Common surgical conditions include; a displaced colon, a large colon torsion and a small intestinal obstruction. A displaced colon can be managed medically, however, some displacements fail to resolve medically or if the horse is too uncomfortable to manage medically, the aim of the surgery is to manually lift the colon out of the horse and put it back in the correct location. A large colon torsion describes that the colon is not only displaced (in the wrong place) but twisted on itself and the blood supply to the gut has been compromised. These horses will be incredibly uncomfortable, and require to lift the colon out of the abdomen, un-twist the colon and place it back in the abdomen in the correct position. If the twist in the colon has compromised the blood supply to the gut for too long a period, the colon may need to be removed. Removing a section of the horse’s colon is an incredibly complex surgery to perform, and success rates are low in these kinds of surgeries. Thankfully, this is a rare occurrence as most colons only require un-twisting. A small intestinal obstruction is almost always surgical and requires identification of the reason for the obstruction and correcting that problem. If the small intestine’s blood supply has been compromised a section may need to be removed, this unlike the colon, is a more common procedure during colic surgery and although it too carries additional risks, most horses do well following a small intestinal resection.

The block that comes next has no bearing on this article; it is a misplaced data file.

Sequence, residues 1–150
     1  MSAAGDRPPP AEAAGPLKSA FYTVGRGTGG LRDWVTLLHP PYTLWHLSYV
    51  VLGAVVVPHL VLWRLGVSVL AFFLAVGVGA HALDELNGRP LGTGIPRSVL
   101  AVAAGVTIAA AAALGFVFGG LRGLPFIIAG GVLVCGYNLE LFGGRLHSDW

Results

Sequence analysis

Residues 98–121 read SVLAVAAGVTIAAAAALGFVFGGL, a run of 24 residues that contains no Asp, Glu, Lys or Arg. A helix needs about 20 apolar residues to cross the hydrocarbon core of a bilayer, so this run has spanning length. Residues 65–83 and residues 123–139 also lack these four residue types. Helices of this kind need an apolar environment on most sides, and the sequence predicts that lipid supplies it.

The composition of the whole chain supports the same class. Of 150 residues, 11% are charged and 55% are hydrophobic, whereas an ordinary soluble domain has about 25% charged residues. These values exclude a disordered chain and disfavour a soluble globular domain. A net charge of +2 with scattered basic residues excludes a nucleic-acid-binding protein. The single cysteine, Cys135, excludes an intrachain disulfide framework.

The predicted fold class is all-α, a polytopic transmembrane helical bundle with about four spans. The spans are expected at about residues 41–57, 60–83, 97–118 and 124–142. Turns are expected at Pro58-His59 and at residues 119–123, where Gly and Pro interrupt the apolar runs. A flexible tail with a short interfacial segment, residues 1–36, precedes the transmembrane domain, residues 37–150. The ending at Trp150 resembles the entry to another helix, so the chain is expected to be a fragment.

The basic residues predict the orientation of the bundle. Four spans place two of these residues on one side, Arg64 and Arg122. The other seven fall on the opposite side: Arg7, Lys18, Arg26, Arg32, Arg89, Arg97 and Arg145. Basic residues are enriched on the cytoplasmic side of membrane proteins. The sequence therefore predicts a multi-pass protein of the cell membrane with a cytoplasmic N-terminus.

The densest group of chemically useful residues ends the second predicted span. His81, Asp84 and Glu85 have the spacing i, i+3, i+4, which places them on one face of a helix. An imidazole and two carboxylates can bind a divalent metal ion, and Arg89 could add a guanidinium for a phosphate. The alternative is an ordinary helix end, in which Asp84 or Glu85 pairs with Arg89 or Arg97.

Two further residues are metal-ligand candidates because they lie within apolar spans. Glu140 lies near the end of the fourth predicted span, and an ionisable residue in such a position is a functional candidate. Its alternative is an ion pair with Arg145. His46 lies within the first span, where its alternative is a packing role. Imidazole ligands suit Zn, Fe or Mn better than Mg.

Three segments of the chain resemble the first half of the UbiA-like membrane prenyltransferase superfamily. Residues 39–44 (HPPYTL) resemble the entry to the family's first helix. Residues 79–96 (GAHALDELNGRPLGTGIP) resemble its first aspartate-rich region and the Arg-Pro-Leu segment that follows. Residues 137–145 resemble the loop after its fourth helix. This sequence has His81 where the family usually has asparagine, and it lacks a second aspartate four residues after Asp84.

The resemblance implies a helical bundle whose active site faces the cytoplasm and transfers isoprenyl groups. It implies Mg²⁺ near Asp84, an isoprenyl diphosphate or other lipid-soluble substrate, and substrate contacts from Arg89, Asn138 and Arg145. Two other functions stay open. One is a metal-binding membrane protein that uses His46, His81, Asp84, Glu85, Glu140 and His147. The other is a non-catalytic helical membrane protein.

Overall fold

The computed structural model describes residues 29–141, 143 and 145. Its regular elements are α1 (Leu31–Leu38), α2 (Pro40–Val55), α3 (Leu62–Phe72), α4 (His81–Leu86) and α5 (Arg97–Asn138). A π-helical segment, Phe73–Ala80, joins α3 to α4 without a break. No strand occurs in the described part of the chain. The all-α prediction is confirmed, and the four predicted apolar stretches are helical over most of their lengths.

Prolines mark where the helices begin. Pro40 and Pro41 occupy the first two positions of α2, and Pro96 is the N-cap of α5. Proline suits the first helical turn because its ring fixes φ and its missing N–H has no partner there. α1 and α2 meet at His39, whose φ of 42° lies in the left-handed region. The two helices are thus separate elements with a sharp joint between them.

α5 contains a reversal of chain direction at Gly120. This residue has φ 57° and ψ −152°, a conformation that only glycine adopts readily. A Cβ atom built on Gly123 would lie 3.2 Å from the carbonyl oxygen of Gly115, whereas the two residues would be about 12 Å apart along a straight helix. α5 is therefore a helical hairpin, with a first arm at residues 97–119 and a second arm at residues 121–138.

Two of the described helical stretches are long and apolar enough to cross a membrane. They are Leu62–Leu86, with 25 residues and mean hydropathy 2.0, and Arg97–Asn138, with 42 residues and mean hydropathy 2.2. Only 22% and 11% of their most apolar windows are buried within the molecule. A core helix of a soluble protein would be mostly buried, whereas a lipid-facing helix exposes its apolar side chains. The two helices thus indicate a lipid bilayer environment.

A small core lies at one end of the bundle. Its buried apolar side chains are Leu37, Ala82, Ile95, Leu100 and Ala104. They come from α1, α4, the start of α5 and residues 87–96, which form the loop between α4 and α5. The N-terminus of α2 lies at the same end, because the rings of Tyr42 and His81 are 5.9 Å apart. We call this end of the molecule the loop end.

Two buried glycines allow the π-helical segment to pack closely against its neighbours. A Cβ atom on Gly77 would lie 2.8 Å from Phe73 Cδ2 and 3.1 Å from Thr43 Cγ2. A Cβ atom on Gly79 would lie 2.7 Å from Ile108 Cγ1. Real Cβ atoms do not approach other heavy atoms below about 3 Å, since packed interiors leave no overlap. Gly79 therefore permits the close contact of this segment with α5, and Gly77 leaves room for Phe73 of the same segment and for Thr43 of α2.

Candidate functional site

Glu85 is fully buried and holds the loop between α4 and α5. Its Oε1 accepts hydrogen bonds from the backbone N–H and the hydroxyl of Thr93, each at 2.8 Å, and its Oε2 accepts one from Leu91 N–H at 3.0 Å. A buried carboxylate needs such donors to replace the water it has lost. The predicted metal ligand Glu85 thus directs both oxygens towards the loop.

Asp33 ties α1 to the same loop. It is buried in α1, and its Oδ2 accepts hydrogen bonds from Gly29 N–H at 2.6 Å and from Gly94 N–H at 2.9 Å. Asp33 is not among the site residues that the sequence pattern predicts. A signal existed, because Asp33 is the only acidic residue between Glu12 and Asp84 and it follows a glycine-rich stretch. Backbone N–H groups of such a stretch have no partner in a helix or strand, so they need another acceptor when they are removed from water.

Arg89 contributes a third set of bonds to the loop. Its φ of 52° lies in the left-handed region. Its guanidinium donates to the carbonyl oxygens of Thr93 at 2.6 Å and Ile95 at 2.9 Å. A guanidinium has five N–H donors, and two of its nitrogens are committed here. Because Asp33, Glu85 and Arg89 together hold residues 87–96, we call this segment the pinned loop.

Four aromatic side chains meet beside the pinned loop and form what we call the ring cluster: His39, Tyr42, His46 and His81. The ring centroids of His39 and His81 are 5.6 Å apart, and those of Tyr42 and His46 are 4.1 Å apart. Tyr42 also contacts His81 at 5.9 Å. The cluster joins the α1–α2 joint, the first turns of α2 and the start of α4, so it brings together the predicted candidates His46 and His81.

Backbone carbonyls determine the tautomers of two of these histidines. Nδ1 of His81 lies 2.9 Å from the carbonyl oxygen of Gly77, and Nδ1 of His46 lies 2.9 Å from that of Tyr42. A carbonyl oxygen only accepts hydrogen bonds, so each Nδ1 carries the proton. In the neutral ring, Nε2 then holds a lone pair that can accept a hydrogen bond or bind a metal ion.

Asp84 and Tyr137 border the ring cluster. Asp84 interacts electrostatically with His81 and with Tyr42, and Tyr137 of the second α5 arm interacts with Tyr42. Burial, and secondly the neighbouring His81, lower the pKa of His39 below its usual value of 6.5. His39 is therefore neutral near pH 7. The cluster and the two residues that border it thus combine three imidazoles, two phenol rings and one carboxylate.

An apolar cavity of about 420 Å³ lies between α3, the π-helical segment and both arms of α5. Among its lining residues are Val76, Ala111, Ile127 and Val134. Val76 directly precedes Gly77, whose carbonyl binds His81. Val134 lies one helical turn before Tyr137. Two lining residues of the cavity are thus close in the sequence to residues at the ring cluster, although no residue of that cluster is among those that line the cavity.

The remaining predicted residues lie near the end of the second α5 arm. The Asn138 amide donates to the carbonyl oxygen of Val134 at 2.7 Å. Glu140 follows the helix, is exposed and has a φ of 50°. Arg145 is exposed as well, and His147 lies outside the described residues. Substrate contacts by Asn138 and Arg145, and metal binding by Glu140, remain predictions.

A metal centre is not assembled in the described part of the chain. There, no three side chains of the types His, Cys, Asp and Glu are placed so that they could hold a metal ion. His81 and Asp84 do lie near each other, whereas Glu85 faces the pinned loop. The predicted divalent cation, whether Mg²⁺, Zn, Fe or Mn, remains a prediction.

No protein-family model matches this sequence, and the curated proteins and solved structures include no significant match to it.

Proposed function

Reasons for a small intestinal obstruction can be, but are not limited to; a twist in the small intestine around itself, a twist around a lipoma or a lipoma cutting off the blood supply, or an epiploic entrapment (the small intestine becomes trapped in a small hole within the abdomen and requires manual removal).
An uncomplicated surgical colic operation will cost in the region of £5,000 and this is the limit to most insurance claims. However, if your horse has a prolonged recovery or there are complications, or your horse requires a second surgery, then the cost will breech that £5,000 limit. Some insurers are now offering claims up to £10,000 so it is worth shopping around and considering this when taking out an insurance policy.
In summary, colic referral doesn’t definitely mean colic surgery but it has the added benefit that if your horse does need surgery they are in the right place. An early colic referral with aggressive medical treatment may prevent colic surgery and be cheaper than managing your horse at home. Speed is essential when dealing with a colic, call the vet early and refer early to give your horse the best chance. Don’t rule colic surgery out, there are many success stories following colic surgery, even in the older horse, however prognosis will depend on diagnosis.